Oreane Edelenbosch, Davide Rovelli, Antoine Levesque, Giacomo Marangoni and Massimo Tavoni
Implementing building codes are an effective policy instrument to reduce buildings energy consumption, but the impact largely depends on construction and demolition cycles. In this research a global building stock model is developed to understand the impact of implementing building codes across regions. Globally, the majority of buildings standing in 2050 will have been built after 2015. Especially in regions outside the OECD the increasing shares of new buildings is striking. In these regions in particular, newly constructed buildings often have a relatively low level of insulation. Combined with the expected rising demand for space cooling, in these regions building codes for new buildings could have a large impact. In Africa and China for example implementing near zero-energy buildings for all new constructed buildings after 2020 would result in saving respectively 73 % and 57% in 2050. The growing demand for air conditioning, is mainly the result of projected economic growth and to a lesser climate change. In OECD countries, on the contrary, renovation policies are more effective in the long term.
Oreane Edelenbosch , Luciana Miu, Julia Sachs, Adam Hawkes and Massimo Tavoni
The building sector has a high potential to reduce energy consumption. Achieving this depends on household’s choices, which are known to be highly heterogeneous. Agent-based models are tools used to describe energy choices, but require data demanding calibration. Here we combine a novel, cross-country European household-level survey -including socio-demographic characteristics, energy-saving habits, energy-saving investments, and metered household electricity consumption- with a global agent based energy choice model. Cluster analysis reveals that households who demand and consume energy in very similar ways cannot easily be mapped to standardly used socio-demographic classes or attitudes. However, the data also shows interesting patterns both between and within the clusters. Most noticeably, income, consistently, has the largest effect on demand, dwelling efficiency and energy-saving investments. Dwelling improvement potential also incentivizes energy efficiency investments. We use this cluster analysis to calibrate agents of the residential sector of an agent based model, including also the within cluster variations and uncertainty. Including these various sources of heterogeneity affects the timing and speed of the transition, two key indicators in the context of climate change mitigation. The results reinforce the need for grounding agent28 based models in real data, to take real advantage of their capabilities and contribute to a better understanding of energy transition dynamics.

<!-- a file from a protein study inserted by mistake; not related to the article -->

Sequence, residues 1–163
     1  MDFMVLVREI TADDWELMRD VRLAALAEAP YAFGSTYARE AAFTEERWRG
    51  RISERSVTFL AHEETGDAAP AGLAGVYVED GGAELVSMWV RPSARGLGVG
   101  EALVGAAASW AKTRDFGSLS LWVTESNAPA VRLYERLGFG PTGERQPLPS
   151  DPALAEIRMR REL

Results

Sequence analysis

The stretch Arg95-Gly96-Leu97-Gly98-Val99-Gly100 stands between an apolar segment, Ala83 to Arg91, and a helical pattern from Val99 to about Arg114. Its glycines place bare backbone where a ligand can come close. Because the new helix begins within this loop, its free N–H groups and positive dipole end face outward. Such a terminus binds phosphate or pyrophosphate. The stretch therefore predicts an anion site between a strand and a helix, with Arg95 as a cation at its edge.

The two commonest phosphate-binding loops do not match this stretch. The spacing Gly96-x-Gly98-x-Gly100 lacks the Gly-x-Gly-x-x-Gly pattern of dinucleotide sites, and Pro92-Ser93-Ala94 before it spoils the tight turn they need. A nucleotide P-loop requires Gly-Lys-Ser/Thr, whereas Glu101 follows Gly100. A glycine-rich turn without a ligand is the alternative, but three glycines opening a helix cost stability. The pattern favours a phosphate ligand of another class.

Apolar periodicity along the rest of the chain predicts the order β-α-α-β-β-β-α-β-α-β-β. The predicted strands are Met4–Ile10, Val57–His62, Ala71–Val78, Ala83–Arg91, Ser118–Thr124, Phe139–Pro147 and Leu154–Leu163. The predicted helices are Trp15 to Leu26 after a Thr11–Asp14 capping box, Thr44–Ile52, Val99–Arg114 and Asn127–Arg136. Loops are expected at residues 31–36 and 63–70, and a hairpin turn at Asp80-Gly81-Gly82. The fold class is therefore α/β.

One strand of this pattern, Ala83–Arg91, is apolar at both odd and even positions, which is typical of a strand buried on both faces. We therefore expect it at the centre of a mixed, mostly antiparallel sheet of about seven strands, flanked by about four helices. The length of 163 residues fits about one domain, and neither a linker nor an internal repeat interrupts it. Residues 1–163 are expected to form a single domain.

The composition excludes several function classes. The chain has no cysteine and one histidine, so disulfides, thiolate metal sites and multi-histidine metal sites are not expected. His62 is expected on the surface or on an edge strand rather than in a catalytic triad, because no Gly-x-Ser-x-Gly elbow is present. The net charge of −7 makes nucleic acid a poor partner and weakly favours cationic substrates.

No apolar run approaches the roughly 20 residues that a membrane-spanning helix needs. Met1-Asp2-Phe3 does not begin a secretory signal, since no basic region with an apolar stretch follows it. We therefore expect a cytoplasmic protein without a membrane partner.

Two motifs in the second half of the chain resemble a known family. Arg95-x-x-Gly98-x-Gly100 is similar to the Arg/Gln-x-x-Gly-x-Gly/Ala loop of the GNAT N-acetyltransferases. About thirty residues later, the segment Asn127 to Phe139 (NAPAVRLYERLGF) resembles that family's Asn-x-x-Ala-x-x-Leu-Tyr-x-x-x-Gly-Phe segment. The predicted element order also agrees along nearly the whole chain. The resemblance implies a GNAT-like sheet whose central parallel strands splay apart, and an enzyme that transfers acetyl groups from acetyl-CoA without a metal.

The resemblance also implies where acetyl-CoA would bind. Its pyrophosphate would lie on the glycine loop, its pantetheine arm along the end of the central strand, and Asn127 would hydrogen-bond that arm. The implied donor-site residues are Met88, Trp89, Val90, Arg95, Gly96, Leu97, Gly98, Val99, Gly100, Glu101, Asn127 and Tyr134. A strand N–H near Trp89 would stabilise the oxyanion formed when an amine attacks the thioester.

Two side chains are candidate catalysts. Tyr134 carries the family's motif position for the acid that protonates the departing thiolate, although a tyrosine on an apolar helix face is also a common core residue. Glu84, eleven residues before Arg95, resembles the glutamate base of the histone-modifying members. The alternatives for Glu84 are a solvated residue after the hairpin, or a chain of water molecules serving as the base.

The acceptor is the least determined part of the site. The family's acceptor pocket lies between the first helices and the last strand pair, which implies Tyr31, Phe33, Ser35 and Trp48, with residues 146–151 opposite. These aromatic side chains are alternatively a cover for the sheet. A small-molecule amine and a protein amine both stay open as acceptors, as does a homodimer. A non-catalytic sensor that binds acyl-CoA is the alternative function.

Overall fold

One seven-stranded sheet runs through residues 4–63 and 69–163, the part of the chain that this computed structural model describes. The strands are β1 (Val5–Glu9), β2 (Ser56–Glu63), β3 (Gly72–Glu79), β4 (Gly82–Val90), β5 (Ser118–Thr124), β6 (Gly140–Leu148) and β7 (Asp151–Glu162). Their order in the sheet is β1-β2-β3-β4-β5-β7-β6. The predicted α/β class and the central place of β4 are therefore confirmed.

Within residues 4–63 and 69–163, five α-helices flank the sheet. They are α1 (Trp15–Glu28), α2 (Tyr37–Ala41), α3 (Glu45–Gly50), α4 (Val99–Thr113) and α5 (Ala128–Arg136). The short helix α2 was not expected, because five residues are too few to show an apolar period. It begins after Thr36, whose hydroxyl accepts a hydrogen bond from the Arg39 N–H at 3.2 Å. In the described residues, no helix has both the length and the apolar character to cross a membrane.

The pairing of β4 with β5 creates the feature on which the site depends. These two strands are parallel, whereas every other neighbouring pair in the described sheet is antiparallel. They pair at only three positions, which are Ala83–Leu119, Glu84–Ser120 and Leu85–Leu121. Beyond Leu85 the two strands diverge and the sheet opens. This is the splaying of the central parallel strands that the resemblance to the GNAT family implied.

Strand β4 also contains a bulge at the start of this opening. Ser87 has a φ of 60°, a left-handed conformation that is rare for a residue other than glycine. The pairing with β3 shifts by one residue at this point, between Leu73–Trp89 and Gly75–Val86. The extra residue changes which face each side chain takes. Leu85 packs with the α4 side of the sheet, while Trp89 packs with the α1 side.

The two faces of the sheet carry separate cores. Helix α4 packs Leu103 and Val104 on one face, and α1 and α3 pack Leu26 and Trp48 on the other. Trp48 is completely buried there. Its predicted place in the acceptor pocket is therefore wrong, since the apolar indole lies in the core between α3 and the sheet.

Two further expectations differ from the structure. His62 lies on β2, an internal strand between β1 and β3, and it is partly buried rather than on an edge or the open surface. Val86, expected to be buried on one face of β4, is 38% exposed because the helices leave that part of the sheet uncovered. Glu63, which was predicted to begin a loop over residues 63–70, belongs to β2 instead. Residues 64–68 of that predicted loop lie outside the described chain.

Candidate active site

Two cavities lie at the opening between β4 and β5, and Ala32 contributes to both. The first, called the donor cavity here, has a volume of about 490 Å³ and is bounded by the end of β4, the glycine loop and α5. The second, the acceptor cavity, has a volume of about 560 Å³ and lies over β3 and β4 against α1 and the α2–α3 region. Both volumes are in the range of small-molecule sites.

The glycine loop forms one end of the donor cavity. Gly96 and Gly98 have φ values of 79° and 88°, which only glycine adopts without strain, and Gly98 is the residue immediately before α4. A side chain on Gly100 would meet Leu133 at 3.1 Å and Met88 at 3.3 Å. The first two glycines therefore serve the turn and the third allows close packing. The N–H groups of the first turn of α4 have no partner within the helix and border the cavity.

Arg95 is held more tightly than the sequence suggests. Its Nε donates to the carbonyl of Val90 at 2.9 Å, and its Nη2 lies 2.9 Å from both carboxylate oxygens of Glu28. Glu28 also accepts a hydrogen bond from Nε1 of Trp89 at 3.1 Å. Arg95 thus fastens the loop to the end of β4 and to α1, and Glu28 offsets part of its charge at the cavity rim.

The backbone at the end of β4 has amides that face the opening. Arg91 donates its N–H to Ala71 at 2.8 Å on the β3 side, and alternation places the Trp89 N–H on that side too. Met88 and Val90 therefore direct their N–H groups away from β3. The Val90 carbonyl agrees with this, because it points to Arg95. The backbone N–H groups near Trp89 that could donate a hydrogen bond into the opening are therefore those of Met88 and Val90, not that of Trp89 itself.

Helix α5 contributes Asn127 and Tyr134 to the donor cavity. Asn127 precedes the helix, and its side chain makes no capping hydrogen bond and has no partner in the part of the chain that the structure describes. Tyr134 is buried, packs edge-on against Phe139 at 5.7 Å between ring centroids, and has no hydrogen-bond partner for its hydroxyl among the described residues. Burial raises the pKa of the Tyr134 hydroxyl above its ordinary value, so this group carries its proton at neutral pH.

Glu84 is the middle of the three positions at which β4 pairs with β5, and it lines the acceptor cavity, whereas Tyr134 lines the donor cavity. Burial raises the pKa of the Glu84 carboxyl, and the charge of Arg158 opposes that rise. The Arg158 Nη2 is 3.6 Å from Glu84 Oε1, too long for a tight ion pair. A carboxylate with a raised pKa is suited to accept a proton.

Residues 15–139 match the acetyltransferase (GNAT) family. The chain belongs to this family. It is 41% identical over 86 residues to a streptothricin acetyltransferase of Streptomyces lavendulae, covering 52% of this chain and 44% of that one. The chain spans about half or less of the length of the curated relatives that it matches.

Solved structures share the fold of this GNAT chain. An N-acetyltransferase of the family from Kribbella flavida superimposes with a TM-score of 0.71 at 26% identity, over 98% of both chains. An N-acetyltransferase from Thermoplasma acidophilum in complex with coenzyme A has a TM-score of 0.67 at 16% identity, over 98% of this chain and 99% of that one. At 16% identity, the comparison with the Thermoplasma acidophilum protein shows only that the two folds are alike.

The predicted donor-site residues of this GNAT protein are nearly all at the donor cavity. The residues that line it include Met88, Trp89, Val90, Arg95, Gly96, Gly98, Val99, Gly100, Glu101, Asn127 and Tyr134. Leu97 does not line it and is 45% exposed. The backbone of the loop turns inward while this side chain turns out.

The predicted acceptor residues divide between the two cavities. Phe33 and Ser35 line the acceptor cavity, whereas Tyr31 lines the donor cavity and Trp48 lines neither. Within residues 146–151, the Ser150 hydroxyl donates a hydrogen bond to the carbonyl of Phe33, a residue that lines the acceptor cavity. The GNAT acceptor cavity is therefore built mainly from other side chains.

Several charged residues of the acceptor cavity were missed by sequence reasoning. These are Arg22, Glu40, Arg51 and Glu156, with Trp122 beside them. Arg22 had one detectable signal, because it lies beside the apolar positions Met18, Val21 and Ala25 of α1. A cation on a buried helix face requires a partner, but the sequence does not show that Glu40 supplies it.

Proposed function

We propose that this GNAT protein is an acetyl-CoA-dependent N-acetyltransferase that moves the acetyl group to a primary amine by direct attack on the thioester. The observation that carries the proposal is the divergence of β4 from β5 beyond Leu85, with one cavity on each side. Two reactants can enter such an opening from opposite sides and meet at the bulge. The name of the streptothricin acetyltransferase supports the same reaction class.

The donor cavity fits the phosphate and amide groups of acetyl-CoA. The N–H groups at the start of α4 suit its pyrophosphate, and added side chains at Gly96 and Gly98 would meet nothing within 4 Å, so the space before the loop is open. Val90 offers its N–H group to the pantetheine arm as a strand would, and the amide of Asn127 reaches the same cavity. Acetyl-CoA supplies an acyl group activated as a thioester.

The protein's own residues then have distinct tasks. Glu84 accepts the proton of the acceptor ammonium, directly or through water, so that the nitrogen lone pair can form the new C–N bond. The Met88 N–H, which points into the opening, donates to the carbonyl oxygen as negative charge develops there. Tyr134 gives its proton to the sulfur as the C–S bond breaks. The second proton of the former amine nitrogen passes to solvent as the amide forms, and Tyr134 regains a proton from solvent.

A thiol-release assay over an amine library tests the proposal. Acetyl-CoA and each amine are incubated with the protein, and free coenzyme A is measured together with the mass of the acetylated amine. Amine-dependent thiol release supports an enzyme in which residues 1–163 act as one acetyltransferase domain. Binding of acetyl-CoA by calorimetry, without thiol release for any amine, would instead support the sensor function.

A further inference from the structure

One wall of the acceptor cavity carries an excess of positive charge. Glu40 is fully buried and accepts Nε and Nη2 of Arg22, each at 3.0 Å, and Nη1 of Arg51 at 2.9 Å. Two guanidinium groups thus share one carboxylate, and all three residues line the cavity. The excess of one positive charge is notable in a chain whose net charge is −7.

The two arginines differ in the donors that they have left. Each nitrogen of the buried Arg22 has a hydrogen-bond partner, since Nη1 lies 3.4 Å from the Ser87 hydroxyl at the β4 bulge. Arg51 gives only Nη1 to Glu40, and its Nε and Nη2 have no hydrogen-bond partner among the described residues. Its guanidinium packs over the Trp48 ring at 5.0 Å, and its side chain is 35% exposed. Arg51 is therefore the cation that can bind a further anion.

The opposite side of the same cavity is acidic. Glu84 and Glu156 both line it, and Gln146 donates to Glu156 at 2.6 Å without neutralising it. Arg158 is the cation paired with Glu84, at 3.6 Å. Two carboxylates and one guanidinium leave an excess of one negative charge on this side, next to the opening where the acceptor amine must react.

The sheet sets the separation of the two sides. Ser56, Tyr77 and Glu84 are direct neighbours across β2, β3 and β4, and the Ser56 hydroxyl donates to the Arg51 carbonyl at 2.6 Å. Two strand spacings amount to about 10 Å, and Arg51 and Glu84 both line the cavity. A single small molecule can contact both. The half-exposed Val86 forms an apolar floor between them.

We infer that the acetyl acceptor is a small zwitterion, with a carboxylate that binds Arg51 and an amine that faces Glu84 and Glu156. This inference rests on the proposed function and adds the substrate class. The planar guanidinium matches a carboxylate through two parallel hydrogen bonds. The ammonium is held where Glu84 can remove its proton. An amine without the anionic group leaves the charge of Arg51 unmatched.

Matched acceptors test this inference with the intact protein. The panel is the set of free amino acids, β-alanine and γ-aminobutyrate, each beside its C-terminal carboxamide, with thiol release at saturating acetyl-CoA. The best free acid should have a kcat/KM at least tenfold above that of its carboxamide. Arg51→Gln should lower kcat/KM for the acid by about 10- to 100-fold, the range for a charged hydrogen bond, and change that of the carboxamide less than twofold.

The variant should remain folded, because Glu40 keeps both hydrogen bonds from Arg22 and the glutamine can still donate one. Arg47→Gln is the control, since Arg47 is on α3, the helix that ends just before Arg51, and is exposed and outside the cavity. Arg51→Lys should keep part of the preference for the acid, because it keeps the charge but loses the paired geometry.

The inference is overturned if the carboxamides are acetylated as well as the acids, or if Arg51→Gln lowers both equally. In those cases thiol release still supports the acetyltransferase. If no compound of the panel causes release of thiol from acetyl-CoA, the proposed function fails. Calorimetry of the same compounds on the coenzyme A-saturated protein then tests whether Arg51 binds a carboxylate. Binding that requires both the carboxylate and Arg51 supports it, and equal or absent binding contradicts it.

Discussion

Johannes Emmerling, Laurent Drouet, Kaj-Ivar van der Wijst, Detlef Van Vuuren, Valentina Bosetti, and Massimo Tavoni
Environmental Research Letters , Accepted Manuscript online - 20 August 2019
The importance of the discount rate in cost-benefit analysis of long term problems, such as climate change, has been widely acknowledged. However, the choice of the discount rate is hardly discussed when translating policy targets –such as 1.5 and 2°C– into emission reduction strategies with the possibility of overshoot. Integrated assessment models (IAMs) have quantified the sensitivity of low carbon pathways to a series of factors, including economic and population growth, national and international climate policies, and the availability of low carbon technologies, including negative emissions. In this paper we show how and to what extent emission pathways are also influenced by the discount rate. Using both an analytical and a numerical IAM, we demonstrate how discounting affects key mitigation indicators, such as the time when net global emissions reach zero, the amount of carbon budget overshoot, and the carbon price profile. To ensure inter-generational equity and be coherent with cost-benefit analysis normative choices, we suggest that IAMs should use lower discount rates than the ones currently adopted. For a 1000 GtCO2 carbon budget, reducing the discount rate from 5% to 2% would more than double today's carbon price (from 21 to 55 $/tCO2) and more than halve the carbon budget overshoot (from 46% to 16%), corresponding to a reduction of about 300 GtCO2 of net negative emissions over the century.
Oreane Edelenbosch, Valentina Bosetti, Enrica de Cian, Andrea Castelletti, Laurent Drouet, Johannes Emmerling, Matteo Giuliani, Celine Guivarch, Adam Hawkes, Giacomo Marangoni, Jean Francois Mercure Robert Pietzcker, Neil Strachan, Bas van Ruijven, Evelina Trutnevyte, Charlie Wilson and Massimo Tavoni